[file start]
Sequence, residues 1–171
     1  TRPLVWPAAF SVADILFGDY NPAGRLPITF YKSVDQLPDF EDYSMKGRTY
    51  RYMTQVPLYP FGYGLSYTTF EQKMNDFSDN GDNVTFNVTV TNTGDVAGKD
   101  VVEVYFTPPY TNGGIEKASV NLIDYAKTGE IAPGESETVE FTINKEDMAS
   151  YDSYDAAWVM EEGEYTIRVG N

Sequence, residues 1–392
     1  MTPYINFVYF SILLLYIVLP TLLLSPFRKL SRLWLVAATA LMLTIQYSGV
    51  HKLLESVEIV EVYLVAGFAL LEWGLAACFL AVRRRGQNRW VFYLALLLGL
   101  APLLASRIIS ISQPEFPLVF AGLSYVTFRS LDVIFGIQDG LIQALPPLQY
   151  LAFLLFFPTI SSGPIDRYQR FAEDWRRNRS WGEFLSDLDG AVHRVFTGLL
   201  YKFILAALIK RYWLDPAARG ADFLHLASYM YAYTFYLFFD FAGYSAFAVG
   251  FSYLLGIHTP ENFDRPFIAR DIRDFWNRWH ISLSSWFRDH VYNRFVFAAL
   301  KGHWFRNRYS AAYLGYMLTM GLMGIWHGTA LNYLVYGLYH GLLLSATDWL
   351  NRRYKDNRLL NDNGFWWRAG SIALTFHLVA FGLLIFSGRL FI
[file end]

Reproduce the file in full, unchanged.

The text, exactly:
Sequence, residues 1–171
     1  TRPLVWPAAF SVADILFGDY NPAGRLPITF YKSVDQLPDF EDYSMKGRTY
    51  RYMTQVPLYP FGYGLSYTTF EQKMNDFSDN GDNVTFNVTV TNTGDVAGKD
   101  VVEVYFTPPY TNGGIEKASV NLIDYAKTGE IAPGESETVE FTINKEDMAS
   151  YDSYDAAWVM EEGEYTIRVG N

Sequence, residues 1–392
     1  MTPYINFVYF SILLLYIVLP TLLLSPFRKL SRLWLVAATA LMLTIQYSGV
    51  HKLLESVEIV EVYLVAGFAL LEWGLAACFL AVRRRGQNRW VFYLALLLGL
   101  APLLASRIIS ISQPEFPLVF AGLSYVTFRS LDVIFGIQDG LIQALPPLQY
   151  LAFLLFFPTI SSGPIDRYQR FAEDWRRNRS WGEFLSDLDG AVHRVFTGLL
   201  YKFILAALIK RYWLDPAARG ADFLHLASYM YAYTFYLFFD FAGYSAFAVG
   251  FSYLLGIHTP ENFDRPFIAR DIRDFWNRWH ISLSSWFRDH VYNRFVFAAL
   301  KGHWFRNRYS AAYLGYMLTM GLMGIWHGTA LNYLVYGLYH GLLLSATDWL
   351  NRRYKDNRLL NDNGFWWRAG SIALTFHLVA FGLLIFSGRL FI